This is not an urban legend, it happened to me.

I was getting cash from an ATM in a grocery store. The ATM was the kind that sucks your card all the way in.

Just as the cash dispensed and I finalized the transaction, a guy walked up saying he had to restock the deposit envelopes. As I snatched my cash I told him to back off and he apologized and did.

I then spent some time trying to figure out why the ATM didn’t pop my card out. I spoke with the bank and they said that they didn’t service the machine and that it probably sucked my card back in and shredded it. They gave me a business card and told me to call on Monday to see if my shredded card was in there when it was opened.

They were not my bank.

I called my bank and tried to report the card lost. The option (number four, if you’re interested) was not working. I tried all night. The next day, Saturday, I went to my bank and reported the card in person. Checking my activity I noticed one transaction at the grocery store. I didn’t buy anything. I lost my card.

I’ve been trying to figure out how this punk got my card ever since. I think I have figured it out…

1. He said he was restocking the deposit envelopes.

2. He had a stack of them in his left hand. He approached from my right.

3. Since he started talking first my attention was on my cash there in the slot.

4. When I told him to back off I instinctively looked at him.

5. He covered my card with the envelopes and took the card.

6. This all happened as soon as I hit the “done” button. I figure he was watching and swooped in as soon as I hit it.

A simple sleight of hand and my card was gone.

This happened in Las Vegas, Nevada. Has this happened to you?

Hope this post will prevent it happening to you.


Recently, a Marine Corps Harrier Squadron was invited to attend the annual Air Force Red Flag exercised at Nellis Air Force Base, NV. This is one of the USAF’s big exercises where they test Combined Arms employment of tactical air assets. The USAF F-15 pilots showed up on the ramp with dozens of rear echelon airman types and tons of equipment such as Ground Power Units, Accessory Power Units, Hummers, Trucks, Air Conditioners, etc. The Marines appeared ready to operate in a combat environment and showed up with only their Harriers. The Air Force commander commented to the Marine commander: “Where is all your support stuff? Geezz, you guys really are just Grunts that know how to fly.”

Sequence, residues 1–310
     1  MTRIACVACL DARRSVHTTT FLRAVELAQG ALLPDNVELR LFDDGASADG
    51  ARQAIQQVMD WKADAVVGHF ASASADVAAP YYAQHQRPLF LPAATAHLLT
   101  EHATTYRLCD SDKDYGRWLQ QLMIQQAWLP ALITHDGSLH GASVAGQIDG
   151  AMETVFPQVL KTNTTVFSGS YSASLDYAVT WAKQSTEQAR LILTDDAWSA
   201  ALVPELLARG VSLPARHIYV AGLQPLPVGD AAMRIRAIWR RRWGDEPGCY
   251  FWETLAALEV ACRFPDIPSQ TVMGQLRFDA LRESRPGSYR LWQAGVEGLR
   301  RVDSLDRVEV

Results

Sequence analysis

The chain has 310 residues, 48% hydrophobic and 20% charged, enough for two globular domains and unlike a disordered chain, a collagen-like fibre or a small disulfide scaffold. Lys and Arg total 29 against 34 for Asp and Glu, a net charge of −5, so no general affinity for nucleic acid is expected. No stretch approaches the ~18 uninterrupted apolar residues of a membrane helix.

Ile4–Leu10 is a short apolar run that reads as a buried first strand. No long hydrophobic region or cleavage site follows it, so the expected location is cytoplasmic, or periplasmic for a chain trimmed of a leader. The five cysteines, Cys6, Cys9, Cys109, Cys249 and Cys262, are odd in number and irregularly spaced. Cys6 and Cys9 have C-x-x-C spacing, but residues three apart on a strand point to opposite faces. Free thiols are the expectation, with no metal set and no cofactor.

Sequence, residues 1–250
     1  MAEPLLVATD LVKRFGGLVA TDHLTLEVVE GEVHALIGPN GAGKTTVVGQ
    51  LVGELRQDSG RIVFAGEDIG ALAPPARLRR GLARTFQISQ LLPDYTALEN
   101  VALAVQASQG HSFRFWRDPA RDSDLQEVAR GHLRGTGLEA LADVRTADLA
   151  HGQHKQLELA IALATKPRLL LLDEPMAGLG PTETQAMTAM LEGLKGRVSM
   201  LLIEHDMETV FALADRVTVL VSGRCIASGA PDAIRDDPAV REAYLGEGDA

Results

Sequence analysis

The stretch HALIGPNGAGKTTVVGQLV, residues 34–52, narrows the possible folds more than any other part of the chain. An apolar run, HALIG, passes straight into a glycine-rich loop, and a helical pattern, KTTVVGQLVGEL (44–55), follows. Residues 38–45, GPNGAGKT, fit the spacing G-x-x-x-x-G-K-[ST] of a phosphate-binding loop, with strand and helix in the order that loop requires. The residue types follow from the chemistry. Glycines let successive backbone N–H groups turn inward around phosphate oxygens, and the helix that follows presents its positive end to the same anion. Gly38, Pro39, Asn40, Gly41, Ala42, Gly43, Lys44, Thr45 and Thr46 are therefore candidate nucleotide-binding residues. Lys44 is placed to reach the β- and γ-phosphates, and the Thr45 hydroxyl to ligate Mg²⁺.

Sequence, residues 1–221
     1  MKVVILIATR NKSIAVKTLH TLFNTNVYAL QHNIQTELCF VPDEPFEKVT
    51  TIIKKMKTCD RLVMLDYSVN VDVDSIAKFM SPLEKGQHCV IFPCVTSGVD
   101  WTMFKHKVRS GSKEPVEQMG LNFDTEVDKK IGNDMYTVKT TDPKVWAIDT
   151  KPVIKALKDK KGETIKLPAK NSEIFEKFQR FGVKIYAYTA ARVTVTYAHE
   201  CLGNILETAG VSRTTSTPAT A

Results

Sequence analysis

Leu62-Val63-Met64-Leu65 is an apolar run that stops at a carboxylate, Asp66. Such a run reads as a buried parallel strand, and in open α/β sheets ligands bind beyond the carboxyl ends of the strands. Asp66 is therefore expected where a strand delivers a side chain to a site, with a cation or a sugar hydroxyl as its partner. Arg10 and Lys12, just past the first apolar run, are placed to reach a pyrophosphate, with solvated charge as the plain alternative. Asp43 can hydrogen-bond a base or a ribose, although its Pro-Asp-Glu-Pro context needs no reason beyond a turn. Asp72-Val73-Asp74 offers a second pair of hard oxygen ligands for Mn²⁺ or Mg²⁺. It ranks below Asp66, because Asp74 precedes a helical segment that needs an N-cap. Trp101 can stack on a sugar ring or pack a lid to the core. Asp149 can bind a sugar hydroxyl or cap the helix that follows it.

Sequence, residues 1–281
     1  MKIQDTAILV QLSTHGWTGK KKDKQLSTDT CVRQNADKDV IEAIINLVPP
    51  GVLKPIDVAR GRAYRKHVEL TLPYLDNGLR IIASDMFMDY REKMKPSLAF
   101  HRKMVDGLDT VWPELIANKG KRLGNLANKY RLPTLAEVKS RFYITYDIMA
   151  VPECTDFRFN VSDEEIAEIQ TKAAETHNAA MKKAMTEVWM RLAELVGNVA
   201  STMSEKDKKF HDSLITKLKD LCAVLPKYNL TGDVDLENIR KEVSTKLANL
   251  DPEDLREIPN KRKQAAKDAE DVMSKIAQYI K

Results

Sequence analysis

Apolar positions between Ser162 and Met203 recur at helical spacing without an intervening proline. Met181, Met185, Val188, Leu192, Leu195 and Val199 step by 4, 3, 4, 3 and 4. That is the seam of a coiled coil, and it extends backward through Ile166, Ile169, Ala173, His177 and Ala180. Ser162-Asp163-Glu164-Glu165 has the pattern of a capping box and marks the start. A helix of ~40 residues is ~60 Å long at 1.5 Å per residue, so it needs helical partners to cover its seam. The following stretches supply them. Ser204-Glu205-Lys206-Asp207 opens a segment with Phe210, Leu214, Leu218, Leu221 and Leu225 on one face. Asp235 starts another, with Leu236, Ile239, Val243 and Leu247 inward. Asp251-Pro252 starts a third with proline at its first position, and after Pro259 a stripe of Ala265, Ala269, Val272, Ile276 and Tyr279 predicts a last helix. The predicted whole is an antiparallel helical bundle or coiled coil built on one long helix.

Not wanting to disappoint the Air Force commander, the Marine commander got an idea of his own to carry on the comment. He talked to his First Sergeant and later that night, the First Sergeant had his Marines make up bayonet studs on hose clamps. You see, there is a Pitot tube sticking out of the nose of a Harrier. In the late hours of darkness, the First Sergeant had the clamp with the bayonet stud tightened onto the Pitot tubes of each Harrier.

The next morning, the Air Force pilots fell out on the ramp in front of their F-15s. The Marine pilots fell out on the other side of the ramp in front of their Harriers. Each Marine pilot had on his deuce gear with a bayonet in the scabbard. The USAF commander ordered his pilots to “man your planes.” The USAF ground crews by the dozens scrambled to their trucks, APU’s, GPU’s, etc. and the pilots ran to their planes.

The Marine commander ordered his Marines to “Fix Bayonets.”

Each pilot ran to the front of their Harrier and fixed his bayonet on the stud attached to the Pitot tube. The Marine commander then ordered “CHARGE” and the Marines jumped in their Harriers, dusted airborne, and flew off. The Marine commander turned to the USAF commander and said; “Now that is what we Marines consider Close Ground Support.”